Overall, Uinta rock glacier kinematics are complex and defy simple correlation with rock glacier area, elevation, slope, aspect, or morphology (Fig. A2). These factors likely interact to influence rock glacier rheology alongside additional variables including talus, snow, and meltwater delivery rate, clast size, underlying bedrock geometry, temperature, thickness, pore space, ice content, and shear zone geometry (Haeberli et al., 2006). Complex relationships between kinematics and external and internal factors make it especially challenging to predict rock glacier motion. This reality underscores the benefit of using InSAR (or other remote-sensing-based kinematic data) to generate rock glacier inventories, allowing for quantifiable observation of rock glacier displacement.
5.3 Limitations of InSAR and uncertainty analysis
We encountered some limitations of InSAR that require consideration. The insensitivity of InSAR to movement along the satellite flight direction (i.e., perpendicular to the LOS direction) made it difficult to determine whether some north- or south-facing rock glaciers were actively deforming. This may have produced a bias in our inventory toward rock glaciers flowing broadly eastward or westward. In the prior Uinta rock glacier inventory based on morphological data (Munroe, 2018), 22.6 % of rock glaciers face north, while 17.1 % of rock glaciers faced south. In our active and transitional rock glacier inventory, 20.5 % of rock glaciers faced north, and 7.32 % of rock glaciers faced south. South-facing rock glaciers may be more likely to become inactive due to increased sunlight exposure, elevated local temperatures, and consequent melting of internal ice, and it is reasonable to expect similar proportions of north-facing rock glaciers in both inventories. This was observed, suggesting that bias against north and south-facing rock glaciers is not a significant issue in our inventory. Some rock glacier movement could also have been hidden by InSAR decorrelation or geometry; however, since these issues were quite uncommon in our velocity maps, they are not likely to have produced widespread inaccuracies or systematic bias in our inventory.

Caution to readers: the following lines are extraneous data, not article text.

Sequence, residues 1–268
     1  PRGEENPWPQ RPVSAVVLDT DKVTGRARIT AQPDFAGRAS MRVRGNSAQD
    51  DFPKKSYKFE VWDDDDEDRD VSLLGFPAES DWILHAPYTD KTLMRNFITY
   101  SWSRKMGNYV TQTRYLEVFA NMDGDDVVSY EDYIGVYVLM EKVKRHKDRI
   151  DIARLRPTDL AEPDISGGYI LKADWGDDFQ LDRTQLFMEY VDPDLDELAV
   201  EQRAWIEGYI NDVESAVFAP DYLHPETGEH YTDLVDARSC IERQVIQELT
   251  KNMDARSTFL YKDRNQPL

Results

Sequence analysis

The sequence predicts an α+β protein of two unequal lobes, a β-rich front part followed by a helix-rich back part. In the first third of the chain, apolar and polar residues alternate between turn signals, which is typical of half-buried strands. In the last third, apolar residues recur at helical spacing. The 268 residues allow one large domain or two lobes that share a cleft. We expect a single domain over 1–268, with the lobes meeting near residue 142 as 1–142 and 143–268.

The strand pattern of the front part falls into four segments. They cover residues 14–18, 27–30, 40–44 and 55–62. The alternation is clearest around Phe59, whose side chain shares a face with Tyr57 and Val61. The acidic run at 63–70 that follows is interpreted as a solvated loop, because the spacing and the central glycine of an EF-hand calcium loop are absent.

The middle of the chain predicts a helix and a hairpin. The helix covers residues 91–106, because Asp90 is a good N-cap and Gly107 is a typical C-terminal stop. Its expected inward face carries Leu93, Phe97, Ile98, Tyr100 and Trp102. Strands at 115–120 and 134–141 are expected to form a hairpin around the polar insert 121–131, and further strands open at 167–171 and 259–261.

The LOS measurements provided by InSAR underestimate the true 3D velocity of rock glaciers. For rock glaciers with a larger relative component of northward or southward motion, this underestimate is more extreme. In our inventory, North Uintas rock glaciers, which preferentially face north, have significantly lower LOS velocities than South Uintas rock glaciers, which face more equally in all directions. To better account for this issue, we projected LOS velocities along the downslope direction for each rock glacier. Our approach assumes that rock glacier are flowing uniformly along their average downslope direction. However, for rock glaciers that deform in multiple directions, which is common as they can move vertically upwards and travel along multiple azimuths, our projection could have been inaccurate. In particular, for rock glaciers that move with an average downslope direction along the satellite azimuth direction, the projected velocities could be erroneously high. We found that once the LOS velocities are projected downslope, North Uintas rock glaciers have significantly higher velocities than South Uintas rock glaciers.